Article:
Jubilee Fellows 2017

Published 23rd August 2017

The Historical Association Jubilee Fellowships were introduced in 2011 to recognise those individuals who through their membership of the HA had been supporting our work as a charity for over 50 years. Many have supported history in other ways, as teachers, lecturers, writers, archivists, curators, local historians, HA branch volunteers and in a myriad of other ways. We are delighted to announce our 2017 Jubilee Fellows – all of whom have given us far more than 50 years!

This year's jubilee fellows are:

Ann Smith

Ann graduated from Hull University in 1959 and became an assistant history teacher at Eccles Grammar school until 1963. After the birth of two sons, which kept her well occupied, she then returned to teaching in 1970. She continued her career first at Lowestoft College of Further Education, then at Denes High School. She then became Co-ordinator of the Environmental Studies Department and Head of History at the Benjamin Britten High School and then Assistant Area Education Officer, Northern Area of Suffolk (Special Needs). After retiring she lived in Northern France in St Valery sur Somme and in 2009 returned to UK to live on the outskirts of King’s Lynn in Norfolk.

Antony Carr

Antony joined the HA as an undergraduate in 1958. He studied history at Bangor and then after a period of postgraduate research was appointed assistant archivist in the Essex record office under the legendary F.G.Emmison. In the early 1960s he returned to the department of Welsh History at Bangor and subsequently became Head of the combined School of History and Welsh History. In 1999 he was awarded a personal chair and he retired in 2002. He has particular interest in the social and economic history of medieval Wales and is the author of Medieval Anglesey (1982; 2nd edition, 2011), Medieval Wales (1995), Owen of Wales: the end of the house of Gwynedd (1991), various contributions to edited works
and numerous articles. He has been a member of the Essex branch and the now sadly defunct Bangor branch. His book on the medieval gentry of north Wales is in the press.

Pauline Hanna

History has been an ever-present part of Pauline Hanna’s life – an early interest in history was sparked by her infant school teacher Miss Dalton and was brought to life by reading historical fiction. Her first contact with the HA came while studying for her A-levels when she was taken to meetings of the Croydon Branch where she remembers standing at the back during one packed meeting. She then went on to study History and Political Institutions at Keele University. Following university Pauline moved around the country to places such as Chester, Surrey and Bath and became involved with several different branches – including being branch secretary twice. In her spare time she has been involved in a number of other historical pursuits and continues to look forward to branch programmes every September – while her interests are specific the HA provides a good general background.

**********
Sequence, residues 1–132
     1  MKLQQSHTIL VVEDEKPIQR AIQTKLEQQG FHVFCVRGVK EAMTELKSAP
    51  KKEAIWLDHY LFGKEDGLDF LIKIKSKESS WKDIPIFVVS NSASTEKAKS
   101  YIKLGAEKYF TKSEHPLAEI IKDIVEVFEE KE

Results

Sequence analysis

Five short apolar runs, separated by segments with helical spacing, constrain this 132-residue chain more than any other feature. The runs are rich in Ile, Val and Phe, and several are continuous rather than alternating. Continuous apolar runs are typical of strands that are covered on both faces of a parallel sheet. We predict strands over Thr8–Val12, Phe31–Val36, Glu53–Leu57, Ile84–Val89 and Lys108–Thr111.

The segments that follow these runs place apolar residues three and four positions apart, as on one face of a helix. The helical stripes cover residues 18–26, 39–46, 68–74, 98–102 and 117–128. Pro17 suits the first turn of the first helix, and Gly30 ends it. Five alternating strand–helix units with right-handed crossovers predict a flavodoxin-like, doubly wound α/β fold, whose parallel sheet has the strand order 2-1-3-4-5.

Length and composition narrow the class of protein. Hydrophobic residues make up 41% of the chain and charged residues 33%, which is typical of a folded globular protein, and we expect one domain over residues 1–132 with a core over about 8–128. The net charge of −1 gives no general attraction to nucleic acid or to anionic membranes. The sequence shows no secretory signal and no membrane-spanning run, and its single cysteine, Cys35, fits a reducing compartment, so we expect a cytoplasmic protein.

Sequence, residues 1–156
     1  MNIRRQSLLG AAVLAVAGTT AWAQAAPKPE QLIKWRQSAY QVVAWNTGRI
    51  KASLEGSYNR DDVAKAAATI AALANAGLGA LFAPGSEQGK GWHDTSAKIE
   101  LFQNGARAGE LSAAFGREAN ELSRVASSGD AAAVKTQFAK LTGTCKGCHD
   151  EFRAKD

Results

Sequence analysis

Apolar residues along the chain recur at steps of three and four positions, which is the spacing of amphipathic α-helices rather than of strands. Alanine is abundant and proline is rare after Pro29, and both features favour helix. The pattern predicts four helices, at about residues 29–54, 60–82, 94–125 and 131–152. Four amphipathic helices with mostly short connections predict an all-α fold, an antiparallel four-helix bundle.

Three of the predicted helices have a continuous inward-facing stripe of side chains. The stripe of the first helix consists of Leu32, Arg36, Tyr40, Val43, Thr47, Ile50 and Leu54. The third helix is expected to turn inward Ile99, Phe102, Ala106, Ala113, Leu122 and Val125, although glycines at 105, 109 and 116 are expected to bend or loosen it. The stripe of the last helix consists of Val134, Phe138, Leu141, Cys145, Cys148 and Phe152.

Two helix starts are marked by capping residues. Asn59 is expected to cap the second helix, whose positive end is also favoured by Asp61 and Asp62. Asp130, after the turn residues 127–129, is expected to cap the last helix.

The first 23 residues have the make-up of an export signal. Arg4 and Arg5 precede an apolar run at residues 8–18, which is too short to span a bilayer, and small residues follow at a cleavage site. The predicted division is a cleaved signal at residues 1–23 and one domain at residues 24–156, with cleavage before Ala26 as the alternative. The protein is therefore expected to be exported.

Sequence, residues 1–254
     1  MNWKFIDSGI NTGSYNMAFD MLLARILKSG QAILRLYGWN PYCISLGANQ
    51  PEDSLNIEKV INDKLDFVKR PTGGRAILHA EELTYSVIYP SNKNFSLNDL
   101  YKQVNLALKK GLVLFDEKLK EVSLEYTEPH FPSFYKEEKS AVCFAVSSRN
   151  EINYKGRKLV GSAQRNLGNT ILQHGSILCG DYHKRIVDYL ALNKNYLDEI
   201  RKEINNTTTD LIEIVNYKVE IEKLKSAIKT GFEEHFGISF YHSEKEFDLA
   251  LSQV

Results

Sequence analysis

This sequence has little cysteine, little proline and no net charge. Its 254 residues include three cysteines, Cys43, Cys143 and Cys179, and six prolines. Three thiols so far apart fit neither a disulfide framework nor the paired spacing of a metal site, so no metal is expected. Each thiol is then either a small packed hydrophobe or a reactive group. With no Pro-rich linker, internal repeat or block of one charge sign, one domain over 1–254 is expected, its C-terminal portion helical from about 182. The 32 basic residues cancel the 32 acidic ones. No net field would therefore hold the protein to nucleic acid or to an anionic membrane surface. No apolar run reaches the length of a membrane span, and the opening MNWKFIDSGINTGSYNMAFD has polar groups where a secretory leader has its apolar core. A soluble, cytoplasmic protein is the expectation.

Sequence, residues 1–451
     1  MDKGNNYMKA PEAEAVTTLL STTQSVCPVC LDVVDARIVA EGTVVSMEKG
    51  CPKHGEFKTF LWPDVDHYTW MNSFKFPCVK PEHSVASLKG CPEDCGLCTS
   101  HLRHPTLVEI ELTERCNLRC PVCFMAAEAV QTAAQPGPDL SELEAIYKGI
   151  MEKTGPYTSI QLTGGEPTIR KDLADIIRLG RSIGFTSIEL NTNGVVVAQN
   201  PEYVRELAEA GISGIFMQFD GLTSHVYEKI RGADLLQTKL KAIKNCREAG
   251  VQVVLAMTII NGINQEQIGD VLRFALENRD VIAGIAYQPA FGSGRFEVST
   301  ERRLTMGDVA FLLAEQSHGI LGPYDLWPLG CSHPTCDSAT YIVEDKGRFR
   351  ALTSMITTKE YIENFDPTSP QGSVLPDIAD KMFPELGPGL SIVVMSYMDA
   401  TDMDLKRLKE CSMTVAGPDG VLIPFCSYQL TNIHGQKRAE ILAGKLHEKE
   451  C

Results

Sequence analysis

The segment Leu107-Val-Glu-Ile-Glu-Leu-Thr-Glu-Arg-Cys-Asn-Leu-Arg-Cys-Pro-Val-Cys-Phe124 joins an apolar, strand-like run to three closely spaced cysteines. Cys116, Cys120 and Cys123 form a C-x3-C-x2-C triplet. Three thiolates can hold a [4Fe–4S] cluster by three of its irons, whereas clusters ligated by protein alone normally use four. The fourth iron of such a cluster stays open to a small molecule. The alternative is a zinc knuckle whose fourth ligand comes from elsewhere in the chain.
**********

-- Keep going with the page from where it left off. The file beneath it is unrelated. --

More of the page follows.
Richard Bingle

Richard Bingle suggests that both history and India are in his genes. His father was an historian, and taught history as a lay missionary at the Madras Christian College, where Richard was born in 1935. He came to England in a wartime convoy. After Kingswood School, Bath, and National Service as an RAF photographer, he read history at Balliol College and joined the HA in 1957. He discovered medieval history from (Sir) Richard Southern, and Indian history from Dr C.C. Davies. A Frere Exhibition for Indian Studies financed his research, and led to a D.Phil. in 1965. By then he was on the staff of the India Office Library and Records (now part of the Asia and Africa Collection of the British Library) as Curator of European Manuscripts, now termed India Office Private Papers, responsible for the acquisition of many collections of private papers. Richard remained there until retiring in 1995; the only interruption occurred in 1970, when he spent a few months as Visiting Professor of History at the University of Calgary, Canada. In retirement Richard is an archivist for BACSA, the British Association for Cemeteries in South Asia, and President of the Mill Hill Historical Society. He still regularly visits India to see friends, do some sightseeing and occasional lectures. He has published several papers on Indian history and archives, and numerous reviews.

Shirley Ellins

Shirley Ellins joined the HA in 1958 after completingher PGCE and attended her first branch lecture shortly after that- to this day she still enjoys attending branch talks. She has also benefited from several HA trips which have taken her to far-flung places such as Tuscany and Umbria, Jordan and Sinai, Tunisia and Crete and Santorini. Her love of history dates from a young age from a combination of reading historical novels, excellent teachers and visiting churches, castles and stately homes on family holidays. She then gained a BA in history at Bedford College in London. Following this she spent nine years at Grange Grammar School for Girls and was accepted for the teacher exchange programme to go to Los Angeles College for a year. After retiring she volunteered to teach for the lifelong learning programme of Age Concern in Sheffield whichs he found immensely satisfying. She is still giving talks at church and to local groups . Shirley views teaching as a noble profession and fostering a love of history is, she hopes, is an important part of her legacy.